3d sess. United States. 40th Cong..

Memorial addresses on the life and character of Thaddeus Stevens, delivered in the House of representatives, Washington, D.C., December 17, 1868 online

. (page 1 of 7)
Online Library3d sess. United States. 40th Cong.Memorial addresses on the life and character of Thaddeus Stevens, delivered in the House of representatives, Washington, D.C., December 17, 1868 → online text (page 1 of 7)
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BemarJcs by Mr. Dickey.

Mr. Speaker : The paiuful duty lias devolved upon me of
auuonuciug to this House the death of \uy predecessor, Hon.
Thaddeus Stevens, of Peniisylvauia.

This distinguished statesman was not merely my predeces-
sor in this body, but in my childhood my tiither taught me to
admire and love him, who was the instructor and guide of my
youth and the friend of my mature years. If an intimacy
with wise and noble men be one of the greatest blessings that
can crown a man, then in no j^art of my career have I been so
fortunate as in my association with Thaddeus Stevens. It
was in his office, and in connection with him, that I com-
menced my i^rofessional life; and from that moment, through
the turmoil of many legal and political contests, down to the
moment when in his last will he selected me to i3erforni the
last service one man can ask from his fellow, our friendship
suffered neither diminution nor interrui^tion.

Informed that my duty requires of me a sketch of the his-
tory of my friend, I hope to be pardoned by the House for any
prolixity of statement, i^romising to leave to others abler and
fitter, his associates here who are to follow me, the analysis
of his character as a statesman and the story of his struggles
and triumphs in this arena, where he was recognized as a
great leader and bore the name of "The Old Commoner."

Thaddeus Steveus was born at Danville, Caledonia county,
Vermont, on the 4th day of April, 1792, and died at his
residence in this city at midnight on the 11th day of Au-
gust, 1868. His parents were poor, in a community where
poverty was the rule and wealth the exception. Of his father


I kuow but little, save tliat lie enlisted in the war of 1812,
and died in service. Upon his mother chiefly fell the burden
of rearing their four sons. She was a woman of great energy,
strong will, and deep piety. Early seeing the ambition and
fully sympathizing with the aspirations of her crippled boy,
she devotedly seconded his eftbrts for the acquisition of
knowledge, and by her industry, energy, and frugality largely
aided him in procuring a collegiate education. He returned
her aft'ection with the full strength of his strong natiu-e, and
for many years after he had acquired fame and fortune in his
adopted State had the pleasure of making an annual pilgrim-
age to the home which he had provided for her comfort, and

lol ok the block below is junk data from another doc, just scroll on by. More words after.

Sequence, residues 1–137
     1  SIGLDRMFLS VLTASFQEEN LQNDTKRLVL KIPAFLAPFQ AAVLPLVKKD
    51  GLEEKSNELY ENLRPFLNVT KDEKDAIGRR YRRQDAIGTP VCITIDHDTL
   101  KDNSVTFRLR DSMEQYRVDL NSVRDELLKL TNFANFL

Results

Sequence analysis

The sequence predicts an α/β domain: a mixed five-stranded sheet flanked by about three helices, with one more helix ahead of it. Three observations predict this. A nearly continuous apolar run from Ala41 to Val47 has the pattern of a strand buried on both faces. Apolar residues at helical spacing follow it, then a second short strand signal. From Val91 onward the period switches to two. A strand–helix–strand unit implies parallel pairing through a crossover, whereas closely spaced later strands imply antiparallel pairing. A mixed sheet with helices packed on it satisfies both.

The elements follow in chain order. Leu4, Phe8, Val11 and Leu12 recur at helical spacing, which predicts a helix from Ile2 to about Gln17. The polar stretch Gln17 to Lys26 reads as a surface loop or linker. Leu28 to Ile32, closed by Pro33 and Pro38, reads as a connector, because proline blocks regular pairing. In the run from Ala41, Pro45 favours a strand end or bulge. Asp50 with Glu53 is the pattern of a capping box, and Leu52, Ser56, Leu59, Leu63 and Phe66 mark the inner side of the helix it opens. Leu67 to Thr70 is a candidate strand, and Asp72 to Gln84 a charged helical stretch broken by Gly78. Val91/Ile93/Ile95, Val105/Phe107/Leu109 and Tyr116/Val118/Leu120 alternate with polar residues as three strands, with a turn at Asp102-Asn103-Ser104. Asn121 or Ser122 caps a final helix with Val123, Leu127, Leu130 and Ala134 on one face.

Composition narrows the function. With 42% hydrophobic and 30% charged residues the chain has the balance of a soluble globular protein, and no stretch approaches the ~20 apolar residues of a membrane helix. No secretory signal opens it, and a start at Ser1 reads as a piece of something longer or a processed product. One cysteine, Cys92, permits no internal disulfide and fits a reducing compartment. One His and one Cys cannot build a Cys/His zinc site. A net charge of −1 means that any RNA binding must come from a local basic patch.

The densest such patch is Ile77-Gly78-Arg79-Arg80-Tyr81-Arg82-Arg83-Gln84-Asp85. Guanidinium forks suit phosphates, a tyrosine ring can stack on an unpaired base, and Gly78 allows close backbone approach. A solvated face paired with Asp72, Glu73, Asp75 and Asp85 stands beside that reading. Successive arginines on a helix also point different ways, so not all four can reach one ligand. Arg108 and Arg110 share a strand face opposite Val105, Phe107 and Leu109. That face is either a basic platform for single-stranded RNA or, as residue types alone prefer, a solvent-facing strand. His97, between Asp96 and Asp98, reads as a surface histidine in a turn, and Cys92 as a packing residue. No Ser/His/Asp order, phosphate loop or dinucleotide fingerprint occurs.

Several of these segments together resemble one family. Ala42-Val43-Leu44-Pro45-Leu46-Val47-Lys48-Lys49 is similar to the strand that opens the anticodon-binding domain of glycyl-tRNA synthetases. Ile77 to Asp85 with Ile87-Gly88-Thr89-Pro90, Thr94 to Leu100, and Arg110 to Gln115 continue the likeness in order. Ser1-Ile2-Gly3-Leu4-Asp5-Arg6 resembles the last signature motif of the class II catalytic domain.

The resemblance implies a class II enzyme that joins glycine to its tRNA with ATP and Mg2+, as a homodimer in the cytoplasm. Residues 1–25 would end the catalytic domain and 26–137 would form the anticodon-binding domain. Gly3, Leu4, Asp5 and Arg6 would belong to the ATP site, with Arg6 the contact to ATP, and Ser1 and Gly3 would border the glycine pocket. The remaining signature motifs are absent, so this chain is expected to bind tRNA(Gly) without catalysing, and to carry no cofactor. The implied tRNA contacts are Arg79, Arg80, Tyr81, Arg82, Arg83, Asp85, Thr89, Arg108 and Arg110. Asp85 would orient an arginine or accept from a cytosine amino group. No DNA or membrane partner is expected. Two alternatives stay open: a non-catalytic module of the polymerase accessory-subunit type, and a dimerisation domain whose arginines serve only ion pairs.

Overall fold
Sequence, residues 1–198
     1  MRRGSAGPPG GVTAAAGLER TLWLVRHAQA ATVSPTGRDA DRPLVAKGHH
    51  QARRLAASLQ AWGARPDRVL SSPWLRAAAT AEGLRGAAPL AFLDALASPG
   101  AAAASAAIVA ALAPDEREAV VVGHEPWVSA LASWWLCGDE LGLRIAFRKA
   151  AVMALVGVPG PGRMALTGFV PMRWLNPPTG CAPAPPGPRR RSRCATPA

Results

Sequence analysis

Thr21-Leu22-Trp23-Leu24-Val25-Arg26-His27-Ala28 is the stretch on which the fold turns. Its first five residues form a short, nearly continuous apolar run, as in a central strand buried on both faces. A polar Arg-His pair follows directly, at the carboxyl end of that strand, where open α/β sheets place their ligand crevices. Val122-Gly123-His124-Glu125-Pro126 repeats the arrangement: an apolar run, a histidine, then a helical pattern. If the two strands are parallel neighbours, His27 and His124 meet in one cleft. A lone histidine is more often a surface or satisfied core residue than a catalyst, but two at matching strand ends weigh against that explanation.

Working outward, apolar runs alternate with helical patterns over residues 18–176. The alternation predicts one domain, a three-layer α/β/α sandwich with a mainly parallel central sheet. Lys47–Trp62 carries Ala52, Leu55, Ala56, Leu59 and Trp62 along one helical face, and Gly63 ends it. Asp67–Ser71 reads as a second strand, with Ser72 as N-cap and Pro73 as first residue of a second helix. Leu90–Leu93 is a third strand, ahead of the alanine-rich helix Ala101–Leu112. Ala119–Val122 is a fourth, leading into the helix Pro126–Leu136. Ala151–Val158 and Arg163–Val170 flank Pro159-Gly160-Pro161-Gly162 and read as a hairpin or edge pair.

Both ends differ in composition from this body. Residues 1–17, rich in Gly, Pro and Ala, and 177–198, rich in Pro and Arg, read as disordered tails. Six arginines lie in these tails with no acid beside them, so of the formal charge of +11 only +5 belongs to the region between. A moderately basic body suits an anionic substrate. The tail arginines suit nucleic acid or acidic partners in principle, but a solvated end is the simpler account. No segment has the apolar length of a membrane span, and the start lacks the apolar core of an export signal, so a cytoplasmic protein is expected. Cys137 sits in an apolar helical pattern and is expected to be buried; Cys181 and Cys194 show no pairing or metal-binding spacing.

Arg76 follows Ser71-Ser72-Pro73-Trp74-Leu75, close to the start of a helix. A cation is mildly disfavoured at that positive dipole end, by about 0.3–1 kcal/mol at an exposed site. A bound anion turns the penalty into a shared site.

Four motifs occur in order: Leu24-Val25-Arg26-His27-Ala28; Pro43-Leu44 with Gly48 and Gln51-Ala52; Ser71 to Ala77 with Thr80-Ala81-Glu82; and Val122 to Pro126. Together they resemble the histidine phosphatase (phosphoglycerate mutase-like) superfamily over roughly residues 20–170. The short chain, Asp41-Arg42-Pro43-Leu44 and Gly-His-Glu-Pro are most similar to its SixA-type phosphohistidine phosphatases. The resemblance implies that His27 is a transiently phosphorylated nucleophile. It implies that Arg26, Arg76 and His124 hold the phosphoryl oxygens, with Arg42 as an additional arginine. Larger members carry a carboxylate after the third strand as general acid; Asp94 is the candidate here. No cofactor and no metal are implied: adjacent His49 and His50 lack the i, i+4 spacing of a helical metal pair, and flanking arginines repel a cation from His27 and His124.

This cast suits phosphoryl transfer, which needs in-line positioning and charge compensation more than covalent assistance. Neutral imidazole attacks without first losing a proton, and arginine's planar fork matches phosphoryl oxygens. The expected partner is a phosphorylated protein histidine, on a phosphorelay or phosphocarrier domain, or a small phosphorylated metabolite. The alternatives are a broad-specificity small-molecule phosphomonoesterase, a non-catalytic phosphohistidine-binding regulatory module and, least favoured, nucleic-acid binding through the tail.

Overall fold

where she dispensed, with means he furnished, a liberal

In the last year of his life, in writing his will with his own
hand, while making no provision for the care of his own
grave, he didr-not forget that of his mother, but set apart an
ample siun for that piu'pose, directing yearly payments upon
the condition "that the sexton keep the gTave in good order,
and plant roses and other cheerful flowers at each of the foiu"
corners of said grave every spring." In the same instrument,
in devising $1,000 in aid of the establishment at his home of
a Baptist church, of which society his mother was an earnest
member, he says:

I do this out of respect to the memory of my mother, to whom .1 owe what-
ever little prosperity I have had on earth, which, small as it is, I desire em-
phatically to acknowledge.

After attending the common schools of the neighborhood
he fitted for college at the Peacham Academy, in his native
county, entered the University of Vermont, and remained
there about two years. The college suspending operations
on account of the war, he proceeded to Dartmouth, and
graduated at that institution in 1814. After reading law at
Peacham, in the ofiice of Judge Mattocks, for some months,


he left his native State and settled in Pennsylvania in 1815,
first in the to^vll of York, where he tanght an academy and
pnrsned his legal stndies. The rules of conrt in that dis-
trict having requh-ed students to read one year in the office
of an attorney, he went to Belair, Harford connty, Maryland,
and was there examined and admitted to practice in Angust,
1816. He at once returned to Pennsylvania and opened a law
office at Gettysburg, in the county of Adams, and entered
upon the practice of his profession in that and adjoining-
counties. He was soon in the possession of an extensive and
lucrative business, to which he gave his entire attention for
some sixteen years. I may here be allowed briefly to allude to
a few traits of Mr. Stevens as a lawyer. Although not perhaps
of great national reputation as such, he was recognized by the
profession in a State claiming some eminence for the high
character of her advocates and jurists as one of her greatest
lawyers, and was so pronounced by three of her ablest chief
justices, Gibson, Black, and Lewis, who tried him by the sure
test of uniform power.

I need scarcely say that Mr. Stevens shone at the bar with
the same clearness of statement, force, and eloquence of ex-
pression, power of argumentation, wit, sarcasm, and invee-
tive, which he emjiloyed in legislative halls, and that there,
as here, he was master of all the weapons of debate. As an
advocate he was always jealous of the rights of his profes-
sion, and resisted their innovation. He was always courteous
to the court, and uniformly brief, never speaking beyond an
hour upon any question. He never took or used notes of the
evidence, the speeches of opponents, or the rulings of the
court, trusting wholly to a memory that never failed him. In
the preparation of his law he was industrious and careful;
here, too, relying upon his memory, his brief seldom con-
tained more than the name of the case and page of the book.